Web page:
An external auditor gave Prince George’s County Public Schools a passing grade after looking at the system’s books recently. The audit’s findings were so positive, Prince George’s schools may receive a certificate of achievement for excellence in financial reporting.

“The clean audit will enhance our chances of receiving more grant dollars from state, local, and federal agencies,” said William Hite, Ph.D., PGCPS superintendent. “It should also go a long way in building the public’s confidence in our fiscal management and budget oversight. We are especially pleased that this represents the second consecutive year in which there were no audit findings.”

The school system has always maintained internal accounting controls to help maintain its budget. According to the schools, they are “designed to provide reasonable assurance that assets are properly safeguarded and accounted for, and reliable accounting information is used, to prepare financial statements in accordance with generally accepted accounting principles (GAAP).”

This comes as good news for a system, which is often questioned by outside sources about how it spends its money. As County Executive Jack Johnson provided billions of dollars to the school system, many wondered whether the county was spending its money unwisely.

“Well, the school system had a $100 million reserve and that money just got wasted,” June White Dillard, head of the Prince George’s County chapter of the NAACP, told the AFRO recently. “No one is really able to account to how that disappeared or was used up by the system.”

This has led to calls of bringing in another auditor to perform the audit or perhaps creating an inspector general position.

“This is a business worth over $1 billion,” David L. Cahn, co-chair of Citizens for an Elected Board, said. “An inspector general is entirely appropriate for an agency of that size. They generally pay their own way because of the savings that one might expect.”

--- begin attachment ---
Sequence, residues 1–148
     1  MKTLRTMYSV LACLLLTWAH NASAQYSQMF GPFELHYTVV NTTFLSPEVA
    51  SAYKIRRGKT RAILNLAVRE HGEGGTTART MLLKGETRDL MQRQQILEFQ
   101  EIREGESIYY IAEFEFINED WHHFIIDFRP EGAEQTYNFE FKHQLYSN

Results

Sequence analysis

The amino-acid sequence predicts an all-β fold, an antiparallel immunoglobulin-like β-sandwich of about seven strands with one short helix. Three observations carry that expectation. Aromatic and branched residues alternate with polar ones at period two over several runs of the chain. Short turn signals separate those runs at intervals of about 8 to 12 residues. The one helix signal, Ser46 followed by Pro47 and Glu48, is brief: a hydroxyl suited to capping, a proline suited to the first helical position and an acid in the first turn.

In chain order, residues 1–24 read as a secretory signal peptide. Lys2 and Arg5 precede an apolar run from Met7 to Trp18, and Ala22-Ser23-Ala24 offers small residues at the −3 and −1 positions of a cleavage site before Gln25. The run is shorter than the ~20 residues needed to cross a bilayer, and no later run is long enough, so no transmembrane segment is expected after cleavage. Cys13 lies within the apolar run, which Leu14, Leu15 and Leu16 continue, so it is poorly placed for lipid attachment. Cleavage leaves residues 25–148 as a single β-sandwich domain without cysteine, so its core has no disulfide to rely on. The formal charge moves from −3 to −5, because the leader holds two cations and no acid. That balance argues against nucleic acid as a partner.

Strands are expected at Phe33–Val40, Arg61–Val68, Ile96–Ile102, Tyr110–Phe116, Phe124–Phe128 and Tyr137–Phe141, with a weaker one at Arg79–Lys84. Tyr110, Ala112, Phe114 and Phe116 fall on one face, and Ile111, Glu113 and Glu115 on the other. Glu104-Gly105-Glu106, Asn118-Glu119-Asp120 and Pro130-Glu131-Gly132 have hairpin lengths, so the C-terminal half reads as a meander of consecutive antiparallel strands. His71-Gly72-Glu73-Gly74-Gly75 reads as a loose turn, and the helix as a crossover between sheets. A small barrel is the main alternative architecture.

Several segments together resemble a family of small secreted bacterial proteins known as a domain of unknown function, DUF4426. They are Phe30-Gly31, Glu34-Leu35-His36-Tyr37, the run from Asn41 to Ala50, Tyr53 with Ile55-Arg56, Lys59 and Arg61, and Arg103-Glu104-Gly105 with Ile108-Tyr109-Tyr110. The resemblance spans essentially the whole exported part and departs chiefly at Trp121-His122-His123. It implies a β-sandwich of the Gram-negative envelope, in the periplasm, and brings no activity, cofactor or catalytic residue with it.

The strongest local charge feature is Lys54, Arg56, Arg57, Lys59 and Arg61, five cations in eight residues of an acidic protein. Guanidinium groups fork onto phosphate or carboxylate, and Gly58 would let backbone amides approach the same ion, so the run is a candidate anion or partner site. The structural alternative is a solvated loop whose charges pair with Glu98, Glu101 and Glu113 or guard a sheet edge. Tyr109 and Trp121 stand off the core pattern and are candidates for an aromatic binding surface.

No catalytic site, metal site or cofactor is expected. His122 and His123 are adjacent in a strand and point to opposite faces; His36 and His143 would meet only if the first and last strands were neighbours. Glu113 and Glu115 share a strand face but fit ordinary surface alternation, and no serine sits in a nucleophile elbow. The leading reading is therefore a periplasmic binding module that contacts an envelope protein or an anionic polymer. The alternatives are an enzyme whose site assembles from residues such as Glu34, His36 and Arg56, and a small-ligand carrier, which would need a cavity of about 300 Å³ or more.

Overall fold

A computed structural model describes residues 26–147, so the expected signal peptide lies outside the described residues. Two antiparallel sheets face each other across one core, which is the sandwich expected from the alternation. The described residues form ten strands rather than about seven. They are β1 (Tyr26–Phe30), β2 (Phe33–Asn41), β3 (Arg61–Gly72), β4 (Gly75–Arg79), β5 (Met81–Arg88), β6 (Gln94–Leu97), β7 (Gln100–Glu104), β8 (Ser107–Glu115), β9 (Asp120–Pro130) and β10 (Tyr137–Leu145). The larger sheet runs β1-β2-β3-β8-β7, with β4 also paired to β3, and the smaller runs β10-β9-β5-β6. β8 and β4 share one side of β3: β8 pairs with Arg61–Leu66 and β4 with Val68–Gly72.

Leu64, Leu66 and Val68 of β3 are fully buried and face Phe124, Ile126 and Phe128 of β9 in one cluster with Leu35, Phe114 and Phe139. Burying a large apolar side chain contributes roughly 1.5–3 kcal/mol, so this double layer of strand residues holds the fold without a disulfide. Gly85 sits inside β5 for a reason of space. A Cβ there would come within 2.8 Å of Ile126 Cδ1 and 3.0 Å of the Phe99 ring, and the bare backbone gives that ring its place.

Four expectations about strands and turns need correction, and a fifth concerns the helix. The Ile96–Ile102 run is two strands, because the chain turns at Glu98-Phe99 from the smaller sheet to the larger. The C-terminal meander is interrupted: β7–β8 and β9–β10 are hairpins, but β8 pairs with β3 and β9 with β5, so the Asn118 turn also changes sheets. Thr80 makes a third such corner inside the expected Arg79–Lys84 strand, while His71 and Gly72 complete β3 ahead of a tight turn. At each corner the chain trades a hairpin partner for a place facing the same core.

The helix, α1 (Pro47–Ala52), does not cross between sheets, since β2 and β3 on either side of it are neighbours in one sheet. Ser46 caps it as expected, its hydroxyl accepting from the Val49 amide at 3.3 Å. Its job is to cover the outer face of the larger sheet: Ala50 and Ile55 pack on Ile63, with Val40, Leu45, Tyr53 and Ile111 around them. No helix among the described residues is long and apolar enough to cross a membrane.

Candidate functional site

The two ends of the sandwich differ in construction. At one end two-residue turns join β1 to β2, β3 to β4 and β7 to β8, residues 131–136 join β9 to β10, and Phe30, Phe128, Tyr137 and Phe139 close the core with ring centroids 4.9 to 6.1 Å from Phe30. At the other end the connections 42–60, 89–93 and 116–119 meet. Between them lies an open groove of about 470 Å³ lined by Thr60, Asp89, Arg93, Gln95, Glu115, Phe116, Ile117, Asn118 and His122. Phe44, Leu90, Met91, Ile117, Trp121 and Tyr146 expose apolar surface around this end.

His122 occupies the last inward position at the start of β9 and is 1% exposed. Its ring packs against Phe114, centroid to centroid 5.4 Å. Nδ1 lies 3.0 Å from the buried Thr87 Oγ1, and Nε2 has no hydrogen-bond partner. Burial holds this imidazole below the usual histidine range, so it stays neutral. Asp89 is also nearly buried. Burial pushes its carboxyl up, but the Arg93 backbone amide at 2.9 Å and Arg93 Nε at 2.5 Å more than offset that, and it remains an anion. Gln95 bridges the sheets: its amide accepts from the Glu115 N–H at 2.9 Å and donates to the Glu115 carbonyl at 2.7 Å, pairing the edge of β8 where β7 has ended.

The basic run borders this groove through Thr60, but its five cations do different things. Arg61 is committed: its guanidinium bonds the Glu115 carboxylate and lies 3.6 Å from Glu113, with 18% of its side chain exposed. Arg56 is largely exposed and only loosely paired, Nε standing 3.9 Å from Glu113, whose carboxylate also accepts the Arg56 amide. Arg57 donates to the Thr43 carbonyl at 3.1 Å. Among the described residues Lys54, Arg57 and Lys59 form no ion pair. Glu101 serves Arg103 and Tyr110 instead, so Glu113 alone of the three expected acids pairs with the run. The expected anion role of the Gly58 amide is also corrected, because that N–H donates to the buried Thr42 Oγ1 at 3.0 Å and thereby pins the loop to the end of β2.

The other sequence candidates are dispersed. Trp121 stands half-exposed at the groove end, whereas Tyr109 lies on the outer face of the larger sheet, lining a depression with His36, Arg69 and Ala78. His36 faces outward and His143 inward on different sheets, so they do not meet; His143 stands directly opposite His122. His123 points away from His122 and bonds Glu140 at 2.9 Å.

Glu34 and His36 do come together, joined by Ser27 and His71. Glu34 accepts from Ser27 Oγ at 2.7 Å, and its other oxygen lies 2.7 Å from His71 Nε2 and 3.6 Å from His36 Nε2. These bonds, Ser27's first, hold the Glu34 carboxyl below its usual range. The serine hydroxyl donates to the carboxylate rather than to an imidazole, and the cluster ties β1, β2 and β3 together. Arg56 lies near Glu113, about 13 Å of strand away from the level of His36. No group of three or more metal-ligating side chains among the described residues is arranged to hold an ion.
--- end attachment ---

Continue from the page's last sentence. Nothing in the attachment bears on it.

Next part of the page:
Now, calls for an inspector general position have led to action. County Executive-elect Rushern Baker promised throughout his campaign to create the position to eliminate waste and corruption. Now that he has been elected, he plans on following through on the promise.

“Complete transparency and accountability is vital towards moving our county forward, creating new jobs, growing our economy and building a first rate education system,” Baker said in a statement. “The days of pay-to-play politics and the acceptance of government corruption and abuses are over. Elected officials and county employees are here to serve the people, not the other way around.”

Hite said the audit proves that the school system is on the right track, but he admits that there’s always room for improvement. “Even with this audit, we think it is important to further develop our processes, structures and controls,” Hite said. “We also intend to have even greater transparency so the public has a clear understanding that our budget supports our core work.”

PGCPS has applied to receive the Government Finance Officers Association of the United States and Canada Certificate of Achievement of Excellence in Financial Reporting for the fiscal year 2010. If the system wins, it’ll be the fifth year in a row in which it has received the honor.

 

George Barnette

Special to the AFRO